Let’s consider that Enron had a statement of values which they called RICE (respect, integrity, communications, excellence). It is clear in hindsight that these values were not worth the paper they were printed on. Enron had values, but these were primarily focused on creating financial value for shareholders and the senior management team. Or, consider Mattel, a company which had well articulated values about its responsibility to its customers and other stakeholders on its website. After learning that its toys made at its outsourced plants in China contained lead, Mattel failed to file the mandatory 24-hour notice with the Consumer Products Safety Commission, took 6-weeks to withdraw its toys from the market, blamed the Chinese and claimed no responsibility for the problem. Another example comes from a major corporation where I was called in to be a consultant. The CEO was upset that his company did not enjoy the reputation he believed was deserved and indicated that another company in the same industry was viewed much more positively. He was jealous, angry, defensive of his company, and wanted my counsel as to how to build the reputation. I asked him some pointed questions to determine if there were gaps between his view of the company and the perceptions of stakeholders. He readily admitted that employees of the company did not believe that the executives “walked the talk” and that he backed promotions of those who were good at financial returns even if they were not well regarded as people managers. I challenged him that this was a serious gap and noted that the company he envied was well known as one of the best companies to work for and placed high value on the ability of managers to be both financially profitable and to build a positive work environment. They would not accept those who were only financially oriented. Other questions led me to recognize that he wanted to “paint a good picture”, but that the reality of the company left much to be desired. I indicated that I was not right for the job. Instead, he hired an advertising and PR firm that could help shape his “image” the way he wanted.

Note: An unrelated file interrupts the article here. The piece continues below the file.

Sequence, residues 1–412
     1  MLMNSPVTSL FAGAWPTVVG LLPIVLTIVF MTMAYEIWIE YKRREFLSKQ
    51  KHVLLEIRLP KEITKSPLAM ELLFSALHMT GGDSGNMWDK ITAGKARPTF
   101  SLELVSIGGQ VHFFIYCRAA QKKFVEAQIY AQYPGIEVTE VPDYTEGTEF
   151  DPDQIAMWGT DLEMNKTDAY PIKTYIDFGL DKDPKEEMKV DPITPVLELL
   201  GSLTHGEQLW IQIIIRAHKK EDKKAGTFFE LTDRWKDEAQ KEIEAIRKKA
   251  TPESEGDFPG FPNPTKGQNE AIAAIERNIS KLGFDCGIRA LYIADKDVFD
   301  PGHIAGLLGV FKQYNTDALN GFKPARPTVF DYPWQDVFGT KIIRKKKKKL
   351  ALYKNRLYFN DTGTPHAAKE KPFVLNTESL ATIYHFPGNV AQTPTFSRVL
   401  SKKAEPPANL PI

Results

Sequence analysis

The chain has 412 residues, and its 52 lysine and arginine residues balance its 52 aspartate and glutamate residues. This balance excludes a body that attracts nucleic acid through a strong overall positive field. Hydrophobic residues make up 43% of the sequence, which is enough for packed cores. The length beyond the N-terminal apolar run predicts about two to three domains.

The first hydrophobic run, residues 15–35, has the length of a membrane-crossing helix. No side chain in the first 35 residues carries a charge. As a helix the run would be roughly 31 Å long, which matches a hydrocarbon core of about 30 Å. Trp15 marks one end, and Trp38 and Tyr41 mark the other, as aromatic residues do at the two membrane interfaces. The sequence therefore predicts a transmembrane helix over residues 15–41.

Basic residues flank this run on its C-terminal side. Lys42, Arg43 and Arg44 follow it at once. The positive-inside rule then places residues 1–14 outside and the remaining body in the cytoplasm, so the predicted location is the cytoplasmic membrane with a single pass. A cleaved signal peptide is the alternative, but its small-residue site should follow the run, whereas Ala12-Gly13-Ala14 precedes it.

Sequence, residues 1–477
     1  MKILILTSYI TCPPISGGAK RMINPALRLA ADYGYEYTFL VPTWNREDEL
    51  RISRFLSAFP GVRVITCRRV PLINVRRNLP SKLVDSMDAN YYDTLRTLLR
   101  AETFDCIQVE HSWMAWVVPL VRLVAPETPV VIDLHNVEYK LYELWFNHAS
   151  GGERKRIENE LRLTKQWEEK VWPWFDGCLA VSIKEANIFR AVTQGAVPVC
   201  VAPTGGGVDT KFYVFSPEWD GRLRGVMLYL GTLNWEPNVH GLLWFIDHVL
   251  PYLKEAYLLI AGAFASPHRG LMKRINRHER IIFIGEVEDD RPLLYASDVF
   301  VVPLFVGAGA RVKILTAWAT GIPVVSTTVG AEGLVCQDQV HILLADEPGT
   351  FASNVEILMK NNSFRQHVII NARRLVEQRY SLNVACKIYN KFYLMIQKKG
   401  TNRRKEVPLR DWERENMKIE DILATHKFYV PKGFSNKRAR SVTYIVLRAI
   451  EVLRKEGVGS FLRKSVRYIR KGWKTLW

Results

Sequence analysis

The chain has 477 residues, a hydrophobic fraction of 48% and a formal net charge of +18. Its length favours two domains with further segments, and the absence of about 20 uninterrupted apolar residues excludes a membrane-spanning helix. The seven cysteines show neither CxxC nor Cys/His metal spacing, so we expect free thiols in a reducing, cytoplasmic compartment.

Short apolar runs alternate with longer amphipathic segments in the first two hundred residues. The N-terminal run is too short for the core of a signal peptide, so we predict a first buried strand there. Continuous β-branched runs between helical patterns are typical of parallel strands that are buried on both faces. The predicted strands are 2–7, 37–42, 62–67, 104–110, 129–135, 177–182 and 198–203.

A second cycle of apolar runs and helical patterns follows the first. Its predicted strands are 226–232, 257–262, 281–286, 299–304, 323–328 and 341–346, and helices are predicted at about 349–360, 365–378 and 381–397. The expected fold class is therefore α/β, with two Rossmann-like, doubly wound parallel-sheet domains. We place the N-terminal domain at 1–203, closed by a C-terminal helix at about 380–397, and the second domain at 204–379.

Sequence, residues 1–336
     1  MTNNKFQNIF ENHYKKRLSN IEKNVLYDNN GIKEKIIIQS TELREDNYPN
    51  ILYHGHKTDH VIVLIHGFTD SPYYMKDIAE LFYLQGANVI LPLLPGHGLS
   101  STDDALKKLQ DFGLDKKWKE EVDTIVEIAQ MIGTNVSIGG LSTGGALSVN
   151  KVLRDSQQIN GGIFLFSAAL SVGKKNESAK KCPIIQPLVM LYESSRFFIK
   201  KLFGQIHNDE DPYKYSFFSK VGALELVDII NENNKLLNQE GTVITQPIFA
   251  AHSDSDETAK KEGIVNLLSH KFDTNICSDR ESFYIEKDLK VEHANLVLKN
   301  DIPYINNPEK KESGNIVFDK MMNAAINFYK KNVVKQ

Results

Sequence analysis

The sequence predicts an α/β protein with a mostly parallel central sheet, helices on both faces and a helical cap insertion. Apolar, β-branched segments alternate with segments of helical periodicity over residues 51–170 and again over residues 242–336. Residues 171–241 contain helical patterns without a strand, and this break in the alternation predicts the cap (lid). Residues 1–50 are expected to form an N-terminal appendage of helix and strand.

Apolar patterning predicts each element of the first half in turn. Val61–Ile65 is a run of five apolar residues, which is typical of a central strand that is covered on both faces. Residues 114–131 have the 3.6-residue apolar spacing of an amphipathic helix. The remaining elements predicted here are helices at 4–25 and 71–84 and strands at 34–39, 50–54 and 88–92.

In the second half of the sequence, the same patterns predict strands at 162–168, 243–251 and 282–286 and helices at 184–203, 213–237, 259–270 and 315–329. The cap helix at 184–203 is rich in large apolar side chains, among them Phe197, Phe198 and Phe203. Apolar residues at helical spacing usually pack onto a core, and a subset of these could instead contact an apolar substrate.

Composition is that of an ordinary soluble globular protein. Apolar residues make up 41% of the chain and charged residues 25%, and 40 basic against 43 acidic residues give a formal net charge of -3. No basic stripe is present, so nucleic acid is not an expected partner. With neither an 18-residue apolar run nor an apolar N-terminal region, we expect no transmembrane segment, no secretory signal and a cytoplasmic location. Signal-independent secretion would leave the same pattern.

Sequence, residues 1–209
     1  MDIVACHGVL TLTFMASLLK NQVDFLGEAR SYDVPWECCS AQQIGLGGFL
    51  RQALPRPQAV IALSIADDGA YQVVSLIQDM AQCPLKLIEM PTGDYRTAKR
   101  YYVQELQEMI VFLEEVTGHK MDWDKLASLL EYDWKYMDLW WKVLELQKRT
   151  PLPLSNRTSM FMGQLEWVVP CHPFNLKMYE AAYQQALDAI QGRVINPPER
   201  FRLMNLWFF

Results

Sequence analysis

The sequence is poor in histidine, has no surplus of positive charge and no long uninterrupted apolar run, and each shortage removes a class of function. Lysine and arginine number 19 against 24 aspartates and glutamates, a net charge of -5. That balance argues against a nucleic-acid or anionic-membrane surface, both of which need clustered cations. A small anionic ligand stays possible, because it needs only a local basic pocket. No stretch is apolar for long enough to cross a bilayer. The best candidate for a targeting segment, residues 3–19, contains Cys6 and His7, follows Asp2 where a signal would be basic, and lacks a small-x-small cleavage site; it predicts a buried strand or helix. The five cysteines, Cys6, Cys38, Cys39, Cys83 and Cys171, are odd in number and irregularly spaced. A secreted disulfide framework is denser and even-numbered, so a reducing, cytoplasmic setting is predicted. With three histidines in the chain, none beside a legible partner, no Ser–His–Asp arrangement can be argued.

In contrast, consider the Tylenol crisis that confronted Johnson & Johnson in 1982. While many people point to this as an example of good crisis management, which it surely was, the real learning for me was that the company turned to its values to determine what to do. J&J turned to its Credo for guidance and determined that that document “required” it to withdraw its products from the market within 4-days, stop all J&J advertising for several months, and introduce new packaging within 2-weeks. This was a true demonstration that J&J had first-order values that it lived by, while the other examples noted above had only second-order values.
So, while I applaud the efforts on values, I also challenge all of us to really recognize the difference between real (first-order) and articulated (second-order) values. Conduct research with employees and external stakeholders to determine the gaps between the organization’s values, perceptions and culture. Values-perceptions gaps will highlight that external stakeholders do not believe that the company behaves in accordance with its articulated values; while values-culture gaps will determine if employees believe that the company “walks the talk”.
I believe that unless we are dealing with “first-order values”, we will not be able to realize the full reputation value of our organizations and the type of organizational change espoused in The Authentic Enterprise.